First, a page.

Another bubble against the virus

This Saturday the second Tour of the COVID-19 era starts in Brest, again controlled by PCR and under strict sanitary conditions.

In a country in full de-escalation, without a curfew and in which the use of masks abroad is no longer mandatory, the second Tour de France of the COVID-19 era begins this Saturday in Brest under strict sanitary conditions. In fact, the Brittany region will impose the health pass on any fan who wants to get closer to the starts or goals of the four stages that will pass through its territory. "In the four Breton days a vaccination certificate or an antigen test or negative PCR will be required," explained Christian Prudhomme, director of the competition. Therefore, the number of people present will depend on these passports and the delimited and controlled areas. For other regions or departments, the authorities and the Tour organization consider using the same strategy.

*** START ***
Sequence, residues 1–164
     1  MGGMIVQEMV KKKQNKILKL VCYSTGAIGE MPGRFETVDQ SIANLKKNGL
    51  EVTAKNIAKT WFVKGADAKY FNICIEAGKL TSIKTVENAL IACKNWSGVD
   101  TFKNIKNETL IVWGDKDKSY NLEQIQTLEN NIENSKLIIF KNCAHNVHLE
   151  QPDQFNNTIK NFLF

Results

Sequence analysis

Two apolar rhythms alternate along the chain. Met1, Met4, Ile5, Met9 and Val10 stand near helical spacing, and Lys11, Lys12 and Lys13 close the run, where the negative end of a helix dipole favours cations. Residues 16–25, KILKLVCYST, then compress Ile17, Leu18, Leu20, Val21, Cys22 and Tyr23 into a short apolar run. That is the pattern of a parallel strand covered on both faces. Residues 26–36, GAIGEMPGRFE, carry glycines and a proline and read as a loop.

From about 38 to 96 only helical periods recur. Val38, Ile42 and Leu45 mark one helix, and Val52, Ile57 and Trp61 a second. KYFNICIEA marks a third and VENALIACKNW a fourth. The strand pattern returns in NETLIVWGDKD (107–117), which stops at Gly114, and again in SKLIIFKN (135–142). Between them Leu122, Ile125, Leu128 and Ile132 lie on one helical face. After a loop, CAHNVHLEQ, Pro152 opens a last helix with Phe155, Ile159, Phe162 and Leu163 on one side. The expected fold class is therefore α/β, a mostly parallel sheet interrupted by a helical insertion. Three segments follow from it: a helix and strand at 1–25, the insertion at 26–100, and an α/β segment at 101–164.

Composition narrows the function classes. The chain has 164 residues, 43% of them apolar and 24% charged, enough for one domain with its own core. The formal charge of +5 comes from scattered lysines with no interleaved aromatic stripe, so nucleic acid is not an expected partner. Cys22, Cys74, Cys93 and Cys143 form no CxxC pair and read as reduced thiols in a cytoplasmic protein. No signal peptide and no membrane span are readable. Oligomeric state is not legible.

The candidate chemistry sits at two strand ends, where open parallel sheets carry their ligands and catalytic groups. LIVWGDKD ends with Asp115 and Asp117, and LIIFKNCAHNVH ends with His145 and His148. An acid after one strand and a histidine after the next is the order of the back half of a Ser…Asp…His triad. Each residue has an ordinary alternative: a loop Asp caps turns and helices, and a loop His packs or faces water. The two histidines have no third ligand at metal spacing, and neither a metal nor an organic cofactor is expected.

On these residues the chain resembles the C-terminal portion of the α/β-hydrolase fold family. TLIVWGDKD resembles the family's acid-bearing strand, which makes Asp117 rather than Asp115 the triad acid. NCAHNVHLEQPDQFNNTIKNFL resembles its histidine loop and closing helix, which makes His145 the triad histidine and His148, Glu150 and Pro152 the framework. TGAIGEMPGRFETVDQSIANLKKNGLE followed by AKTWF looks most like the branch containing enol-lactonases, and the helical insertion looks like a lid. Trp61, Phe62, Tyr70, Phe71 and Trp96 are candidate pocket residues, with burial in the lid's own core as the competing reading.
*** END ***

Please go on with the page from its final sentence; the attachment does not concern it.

Meanwhile, the term 'bubble' came in 2020 to the peloton to stay. By 2021, the assistants, runners and technicians must also undergo previous PCR tests, in addition to during the two rest days. Antigen monitoring or rapid analysis will also be carried out in case of symptoms, to confirm that everything is still in order or to prevent the spread of hypothetical infections. The objective, to reduce the exposure of cyclists to zero… as much as possible. Neither the public nor the media will have access to the hotels or the bus area, and it is requested that the barrier gestures be kept outside the norms imposed by the institutions: social distance, masks and gel.

Regarding journalistic coverage, the exits and goals will be limited by nationality or language through individual boxes, which will be accessed only by those wearing a bib, which will be shared between different media. Teles and radios will have mixed areas with double fencing. Hangers or selfie sticks are essential. France is heading towards 35 million inhabitants fully vaccinated by the end of August, with around 3,000 cases in the last seven days, "and no one wants new outbreaks to occur in the nation ... much less because of the Tour", as Prudhomme ditch, who became infected and recovered in 2020.

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